I have a datasets composed like this:


data <- iris
train <- data [1:75,]
test <- data[76:150,]

So, I have 3 classes in total but:

  1. Train: setosa and versicolor
  2. Test: versicolor and virginica

I tryed to set a decision tree, but obviusly it doesn't work because train and test haven't the same classes. My R code is:

trainctrl <- trainControl(method = "cv", number = 5, verboseIter = FALSE)
dt.model <- train(Species~., data=train, method = "rpart", 
                  tuneLength = 10,
                  preProcess = c("center", "scale"),
                  trControl = trainctrl)

test$prediction <-predict(dt.model, test)

Is there a model that if in the test meets a virginica class flower is able to tell me that it is another species? In other words, I want a model that can tell me that that flower is completely different from the ones he trained on. Is it possible?


1 Answer 1


Regular classification methods are discriminative, i.e. they find how to distinguish the classes in the training set from one another. In other words, they are only interested in the differences between the classes.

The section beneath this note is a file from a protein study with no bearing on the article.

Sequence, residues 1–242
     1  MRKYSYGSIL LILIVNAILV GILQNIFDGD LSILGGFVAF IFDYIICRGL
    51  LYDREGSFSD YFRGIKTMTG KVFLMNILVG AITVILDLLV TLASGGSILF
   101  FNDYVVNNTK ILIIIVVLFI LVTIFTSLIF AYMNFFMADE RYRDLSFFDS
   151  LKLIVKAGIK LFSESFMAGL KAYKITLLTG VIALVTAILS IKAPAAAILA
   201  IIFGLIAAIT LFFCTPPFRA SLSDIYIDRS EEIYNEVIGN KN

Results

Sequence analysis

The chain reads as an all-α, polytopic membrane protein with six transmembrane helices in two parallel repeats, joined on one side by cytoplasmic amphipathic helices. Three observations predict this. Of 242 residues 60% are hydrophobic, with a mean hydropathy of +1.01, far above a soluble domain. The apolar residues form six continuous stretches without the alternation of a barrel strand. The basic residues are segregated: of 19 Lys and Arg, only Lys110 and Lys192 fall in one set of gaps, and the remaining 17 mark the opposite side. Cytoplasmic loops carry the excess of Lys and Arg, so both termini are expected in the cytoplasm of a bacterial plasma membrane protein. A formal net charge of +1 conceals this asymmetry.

This implies that a classification model cannot be applied to different classes than the ones it was trained on, since it has zero information about how to distinguish the new classes.

However there are also methods which attempt to represent what characterizes a full class instead of only the differences between classes. In particular one-class classification can be used to train a model which recognizes if an instance belongs to some target class or not. Note that this is a different paradigm than regular classification. The model is trained using only positive instances, i.e. only instances which belong to the target class.

In your example you could train a one-class classification model which recognizes the class versicolor, then apply it to a test set containing some other classes. Of course, one should expect a lower performance than regular classification since the model doesn't have as much information.


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